The digitalisation of Germany’s higher education institutions has been significantly enhanced during the COVID-19 pandemic. The German Academic Exchange Service (DAAD) is supporting these developments with information and support services for international students, researchers and higher education institutions.
'When the COVID-19 pandemic broke out, our member higher education institutions made a huge effort to switch over rapidly to digital teaching and research. We would like to express our sincere gratitude to all higher education institutions for their efforts in this regard. At the DAAD, we have supported the digital expansion of internationalisation through targeted funding programmes. We have also upgraded the information and services we offer to international students, researchers and our member higher education institutions,' said DAAD President Professor Joybrato Mukherjee. 'At the end of this challenging year, it is clear that there has been a sharp rise in interest in and uptake of digital information services about study and research visits to Germany. Despite the challenges of the COVID-19 pandemic, we believe that the wider perception of Germany as a place to study and research has benefited from the 2020 digital academic year.'
Focus on Digital Services
In 2020, the DAAD recorded increasing rates of accessing digital services and events and quickly expanded particularly in-demand services such as virtual study fairs. 5,000 young people took part in one fair for potential students from South America, with a further 2,000 participating in a fair for potential students from South and Eastern Europe. Information services on research in Germany also benefited from growing international interest. Some 2,200 people took part in a virtual fair for early-career researchers under the Research in Germany initiative, which was held in July. And over 4,500 people registered for the How to Apply for a PhD in Germany online course. Even in the midst of the pandemic, Germany's higher education institutions were able to create digital presences in a wide range of target countries. They participated in around 130 DAAD presentations in 20 countries, an increase of 50% over 2019. A further 175 events in 25 countries have already been planned for the first half of 2021.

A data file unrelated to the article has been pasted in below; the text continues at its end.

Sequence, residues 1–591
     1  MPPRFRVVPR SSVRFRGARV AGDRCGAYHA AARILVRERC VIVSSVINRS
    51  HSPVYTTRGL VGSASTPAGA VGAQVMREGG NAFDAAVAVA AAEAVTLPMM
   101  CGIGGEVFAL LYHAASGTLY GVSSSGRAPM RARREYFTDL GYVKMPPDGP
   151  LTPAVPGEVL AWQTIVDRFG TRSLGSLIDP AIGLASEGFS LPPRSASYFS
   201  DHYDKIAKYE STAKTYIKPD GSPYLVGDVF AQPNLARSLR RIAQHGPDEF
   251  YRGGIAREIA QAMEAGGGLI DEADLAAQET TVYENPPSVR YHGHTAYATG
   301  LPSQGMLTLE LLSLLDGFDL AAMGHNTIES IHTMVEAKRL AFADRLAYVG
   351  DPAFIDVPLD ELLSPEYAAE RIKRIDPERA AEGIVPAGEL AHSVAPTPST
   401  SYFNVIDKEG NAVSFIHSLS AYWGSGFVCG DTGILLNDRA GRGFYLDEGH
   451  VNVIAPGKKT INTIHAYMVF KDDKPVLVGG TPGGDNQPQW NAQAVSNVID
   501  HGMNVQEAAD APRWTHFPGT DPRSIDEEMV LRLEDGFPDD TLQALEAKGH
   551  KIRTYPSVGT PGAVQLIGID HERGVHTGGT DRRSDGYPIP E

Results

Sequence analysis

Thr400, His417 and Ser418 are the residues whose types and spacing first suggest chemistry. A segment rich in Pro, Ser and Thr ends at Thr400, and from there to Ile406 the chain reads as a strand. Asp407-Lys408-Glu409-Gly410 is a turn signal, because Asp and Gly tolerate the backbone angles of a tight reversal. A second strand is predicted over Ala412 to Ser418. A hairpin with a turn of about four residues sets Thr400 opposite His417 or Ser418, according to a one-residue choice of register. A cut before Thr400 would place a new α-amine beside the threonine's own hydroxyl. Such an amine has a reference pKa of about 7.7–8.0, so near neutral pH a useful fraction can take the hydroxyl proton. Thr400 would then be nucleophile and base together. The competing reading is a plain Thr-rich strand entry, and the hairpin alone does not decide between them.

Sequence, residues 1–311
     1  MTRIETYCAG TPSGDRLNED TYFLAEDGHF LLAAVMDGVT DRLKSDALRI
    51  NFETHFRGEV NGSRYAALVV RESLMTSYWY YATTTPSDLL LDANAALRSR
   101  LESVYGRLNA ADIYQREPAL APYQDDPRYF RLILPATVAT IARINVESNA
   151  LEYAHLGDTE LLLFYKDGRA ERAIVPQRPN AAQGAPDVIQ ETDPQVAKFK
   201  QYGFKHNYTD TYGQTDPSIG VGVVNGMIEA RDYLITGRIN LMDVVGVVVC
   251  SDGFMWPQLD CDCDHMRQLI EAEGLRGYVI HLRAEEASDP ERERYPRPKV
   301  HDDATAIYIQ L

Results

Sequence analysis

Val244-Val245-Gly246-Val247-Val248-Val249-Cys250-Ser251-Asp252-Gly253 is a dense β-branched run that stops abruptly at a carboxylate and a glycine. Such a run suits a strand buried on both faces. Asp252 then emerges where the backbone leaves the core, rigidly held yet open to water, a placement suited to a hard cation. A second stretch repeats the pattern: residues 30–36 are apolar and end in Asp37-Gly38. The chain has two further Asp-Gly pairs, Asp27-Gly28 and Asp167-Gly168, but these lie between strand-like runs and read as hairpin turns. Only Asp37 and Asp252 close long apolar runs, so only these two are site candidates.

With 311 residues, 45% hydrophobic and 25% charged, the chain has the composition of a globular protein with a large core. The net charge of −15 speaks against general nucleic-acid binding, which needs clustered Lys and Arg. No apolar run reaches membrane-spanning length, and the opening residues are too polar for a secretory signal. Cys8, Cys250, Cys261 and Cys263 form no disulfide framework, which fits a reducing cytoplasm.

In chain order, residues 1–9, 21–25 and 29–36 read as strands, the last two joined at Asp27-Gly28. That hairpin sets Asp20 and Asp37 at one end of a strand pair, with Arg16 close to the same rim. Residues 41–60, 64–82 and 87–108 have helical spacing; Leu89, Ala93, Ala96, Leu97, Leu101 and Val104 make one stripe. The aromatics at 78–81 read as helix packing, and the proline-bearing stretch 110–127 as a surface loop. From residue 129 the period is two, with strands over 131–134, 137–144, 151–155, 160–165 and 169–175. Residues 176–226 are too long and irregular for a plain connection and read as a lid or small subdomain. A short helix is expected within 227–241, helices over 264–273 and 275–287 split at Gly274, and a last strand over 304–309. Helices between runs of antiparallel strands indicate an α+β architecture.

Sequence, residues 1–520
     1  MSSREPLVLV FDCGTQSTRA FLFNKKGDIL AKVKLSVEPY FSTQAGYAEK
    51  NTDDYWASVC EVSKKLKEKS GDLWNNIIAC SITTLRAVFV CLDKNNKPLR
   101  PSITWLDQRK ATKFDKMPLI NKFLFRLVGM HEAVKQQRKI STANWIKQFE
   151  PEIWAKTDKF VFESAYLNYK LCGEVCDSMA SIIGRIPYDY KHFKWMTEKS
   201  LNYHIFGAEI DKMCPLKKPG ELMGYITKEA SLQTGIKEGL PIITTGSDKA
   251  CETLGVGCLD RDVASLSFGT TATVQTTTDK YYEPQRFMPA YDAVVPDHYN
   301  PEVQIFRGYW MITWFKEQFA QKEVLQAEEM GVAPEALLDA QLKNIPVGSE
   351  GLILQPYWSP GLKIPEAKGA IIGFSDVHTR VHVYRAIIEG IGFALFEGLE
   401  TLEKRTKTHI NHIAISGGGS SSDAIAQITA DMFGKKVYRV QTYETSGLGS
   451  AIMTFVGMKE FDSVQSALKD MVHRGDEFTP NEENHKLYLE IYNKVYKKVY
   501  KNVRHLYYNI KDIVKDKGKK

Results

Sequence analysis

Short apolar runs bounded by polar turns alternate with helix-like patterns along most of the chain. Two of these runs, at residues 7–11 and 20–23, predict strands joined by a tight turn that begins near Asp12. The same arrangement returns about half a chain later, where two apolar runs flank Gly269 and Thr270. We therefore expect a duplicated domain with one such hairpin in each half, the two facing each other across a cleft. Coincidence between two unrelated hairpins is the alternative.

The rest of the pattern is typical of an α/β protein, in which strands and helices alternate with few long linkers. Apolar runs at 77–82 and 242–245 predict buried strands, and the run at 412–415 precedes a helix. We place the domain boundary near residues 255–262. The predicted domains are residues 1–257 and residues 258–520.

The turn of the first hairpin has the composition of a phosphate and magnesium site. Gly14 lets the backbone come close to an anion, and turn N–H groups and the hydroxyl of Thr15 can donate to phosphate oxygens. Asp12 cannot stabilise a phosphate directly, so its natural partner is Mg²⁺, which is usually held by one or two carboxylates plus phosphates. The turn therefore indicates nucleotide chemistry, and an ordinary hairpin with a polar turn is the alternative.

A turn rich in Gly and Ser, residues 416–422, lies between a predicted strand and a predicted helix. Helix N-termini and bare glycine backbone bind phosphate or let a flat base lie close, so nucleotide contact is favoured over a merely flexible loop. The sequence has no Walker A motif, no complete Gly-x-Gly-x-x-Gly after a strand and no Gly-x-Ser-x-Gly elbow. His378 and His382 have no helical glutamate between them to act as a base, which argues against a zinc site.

Demand for information platforms
In times of global travel restrictions, the digital platforms operated by the DAAD were of key importance in providing information to and recruiting foreign students and researchers. My GUIDE, the orientation portal for international talent intending to study in Germany was a success right from the start. Since its launch at the beginning of the year, with over 120,000 people interested in studying in Germany accessing the portal, 12,500 registering online and 2,700 sending a detailed contact request to a German university. Even under COVID-19, interest among German students about studying abroad was strong, so the DAAD continued its 'Studieren Weltweit' campaign encouraging them to experience studying around the globe. A total of 49 student 'correspondents' wrote reports online and on social media about their visits abroad this year, with 31 correspondents submitting reports during the pandemic.
Virtual GAIN: More participants, lower CO₂
COVID-19 also meant that the 20th German Academic International Network (GAIN) annual conference and talent fair, originally planned to take place in Boston on August 28 and 29, had to be moved into the digital sphere. A record number of attendees were able to register for Virtual GAIN. Around 750 German early-career academics working in America, international academics and senior German representatives from academia, politics and business gathered via the virtual conference platform, all with the added benefit that no air travel meant a huge reduction in greenhouse gas emissions. GAIN is a collaboration between the Alexander von Humboldt Foundation (AvH), the German Academic Exchange Service (DAAD) and the German Research Foundation (DFG).